Biden’s war on racism nets UK war hero

ONE OF THE TOP items on President Biden’s agenda is fighting racism. So upon entering the White House on Wednesday he removed – again – the bust of the racist British Prime Minister Winston Churchill from the Oval Office. President Barack Obama had put away the bust from the room but Donald trump, his successor, brought it back.

Told about Biden’s action, British Prime Minister Boris Johnson said he had no quarrel with the new American president decorating his “private office … as he wishes.”

But when Obama had removed the bust from the Oval Office, Johnson, then mayor of London, was furious. He fumed that the black Obama’s action had shown “the part-Kenyan president’s ancestral dislike of the British empire.”

Johnson’s conciliatory gesture toward the 46th American president may reflect, in part, the Britts’ desperate need for good trade relations with the United States after their foolish breakup with the European Union.  The Conservative British prime minister was wrong, however, to assume that Obama disliked Churchill because of Churchill’s or Britain’s legacy of imperialism, which doubtless was brutal and dehumanizing. Many people in the East – and now in the West – despise Churchill mainly for his rabidly racist views of non-white people and societies. He called them “barbaric nations” and “savages” whom he considered “a menace to civilized nations” in the West.

Churchill ardently believed in Social Darwinism, superiority of white races, and argued over and over that they have the inherent right to subjugate, dispossess and persecute non-whites. Intriguingly, Churchill considered Jews a white people and as British colonial secretary in the 1920s, he defended, strongly, the expulsion of Palestinians from the lands belonging to them for centuries by Jewish refugees from Europe. Churchill thought of brown-skinned Palestinians as some kind of beasts who had no right to challenge their dispossession by fairer-skinned European Jews.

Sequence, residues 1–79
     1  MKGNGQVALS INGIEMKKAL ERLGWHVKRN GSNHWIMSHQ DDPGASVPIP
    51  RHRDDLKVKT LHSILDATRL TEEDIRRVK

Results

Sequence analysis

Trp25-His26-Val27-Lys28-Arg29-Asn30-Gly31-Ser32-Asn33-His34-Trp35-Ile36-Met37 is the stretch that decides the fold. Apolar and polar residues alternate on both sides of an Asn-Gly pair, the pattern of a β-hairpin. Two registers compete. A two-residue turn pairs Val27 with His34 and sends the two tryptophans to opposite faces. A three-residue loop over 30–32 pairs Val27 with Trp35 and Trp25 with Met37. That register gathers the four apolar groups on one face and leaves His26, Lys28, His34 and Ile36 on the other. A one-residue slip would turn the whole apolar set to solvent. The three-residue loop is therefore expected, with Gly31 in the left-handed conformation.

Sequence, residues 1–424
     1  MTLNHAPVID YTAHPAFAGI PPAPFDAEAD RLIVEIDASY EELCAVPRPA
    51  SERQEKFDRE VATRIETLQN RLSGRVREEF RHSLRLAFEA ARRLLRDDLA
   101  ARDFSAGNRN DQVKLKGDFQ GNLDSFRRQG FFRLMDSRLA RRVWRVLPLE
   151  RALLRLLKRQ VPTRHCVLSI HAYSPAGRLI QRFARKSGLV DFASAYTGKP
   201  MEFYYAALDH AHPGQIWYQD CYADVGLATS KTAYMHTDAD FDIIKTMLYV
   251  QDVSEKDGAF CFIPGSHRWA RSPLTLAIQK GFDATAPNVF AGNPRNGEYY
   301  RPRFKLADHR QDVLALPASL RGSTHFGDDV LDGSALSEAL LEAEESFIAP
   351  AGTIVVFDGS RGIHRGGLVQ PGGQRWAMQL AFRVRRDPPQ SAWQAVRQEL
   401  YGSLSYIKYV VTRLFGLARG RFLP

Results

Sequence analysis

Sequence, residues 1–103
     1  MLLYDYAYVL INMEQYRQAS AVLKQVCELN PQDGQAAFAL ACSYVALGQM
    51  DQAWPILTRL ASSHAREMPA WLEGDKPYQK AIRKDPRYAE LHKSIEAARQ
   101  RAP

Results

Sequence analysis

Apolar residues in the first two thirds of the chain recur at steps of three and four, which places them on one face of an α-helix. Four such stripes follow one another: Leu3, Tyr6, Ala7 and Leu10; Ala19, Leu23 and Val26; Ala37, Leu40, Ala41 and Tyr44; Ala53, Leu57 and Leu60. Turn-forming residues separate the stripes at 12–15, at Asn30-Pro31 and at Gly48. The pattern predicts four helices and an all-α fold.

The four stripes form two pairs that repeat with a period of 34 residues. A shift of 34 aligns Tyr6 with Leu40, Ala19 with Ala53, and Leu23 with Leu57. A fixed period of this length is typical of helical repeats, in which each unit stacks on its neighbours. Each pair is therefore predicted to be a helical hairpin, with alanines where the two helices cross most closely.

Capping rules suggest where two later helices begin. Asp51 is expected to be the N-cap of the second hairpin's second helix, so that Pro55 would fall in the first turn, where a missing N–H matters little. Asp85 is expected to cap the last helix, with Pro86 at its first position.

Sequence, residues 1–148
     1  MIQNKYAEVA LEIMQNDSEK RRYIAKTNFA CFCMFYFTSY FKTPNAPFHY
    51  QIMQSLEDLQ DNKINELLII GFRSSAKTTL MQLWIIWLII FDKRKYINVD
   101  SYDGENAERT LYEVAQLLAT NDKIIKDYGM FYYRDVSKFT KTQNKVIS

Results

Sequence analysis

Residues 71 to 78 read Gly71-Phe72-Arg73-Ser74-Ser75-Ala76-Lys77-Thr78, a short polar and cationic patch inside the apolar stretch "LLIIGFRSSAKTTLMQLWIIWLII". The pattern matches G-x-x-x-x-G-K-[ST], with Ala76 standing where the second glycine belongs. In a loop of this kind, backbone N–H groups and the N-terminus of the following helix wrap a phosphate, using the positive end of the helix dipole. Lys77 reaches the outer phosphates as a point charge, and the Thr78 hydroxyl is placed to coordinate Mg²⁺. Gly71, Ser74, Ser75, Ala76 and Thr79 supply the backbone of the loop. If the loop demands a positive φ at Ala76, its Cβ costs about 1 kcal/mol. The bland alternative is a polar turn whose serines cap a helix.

“I do not admit,” he explained, “that the dog in the manger has the final right to the manger, though he may have lain there for a very long time.”

The British leader who led his nation to victory in World War II held the same view about Anglo-Saxons uprooting dark-skinned people from the United States and Australia and occupying their land. “I do not admit,” he said. “that a great wrong has been done to the Red Indians of America or the black people of Australia. I do not admit that a wrong has been to those people by the fact that a stronger race, a higher-grade race or at any rate a more worldly-wise race, to put it that way, has come in and taken their place.”

Churchill’s view of non-whites being subhuman made him disregard the usefulness of their lives. A glaring example it was his role during the 1943 famine in the Indian region of Bengal, where I grew up and made my debut as a journalist. In other times when a food shortage had occurred in Bengal or any other part of British India, rice, and sometimes wheat, was rushed in from elsewhere to feed people. But in 1943 Britain was fighting a bitter war with Germany and, ignoring the Indian administration’s warnings about the approaching famine in Bengal, Prime Minister Churchill decided to divert food supplies for Bengal to British and other troops in Europe. The result was mass starvation of Bengalees, millions of whom perished from it. William F. Buckley Jr. called it a slaughter of “genocidal proportions.”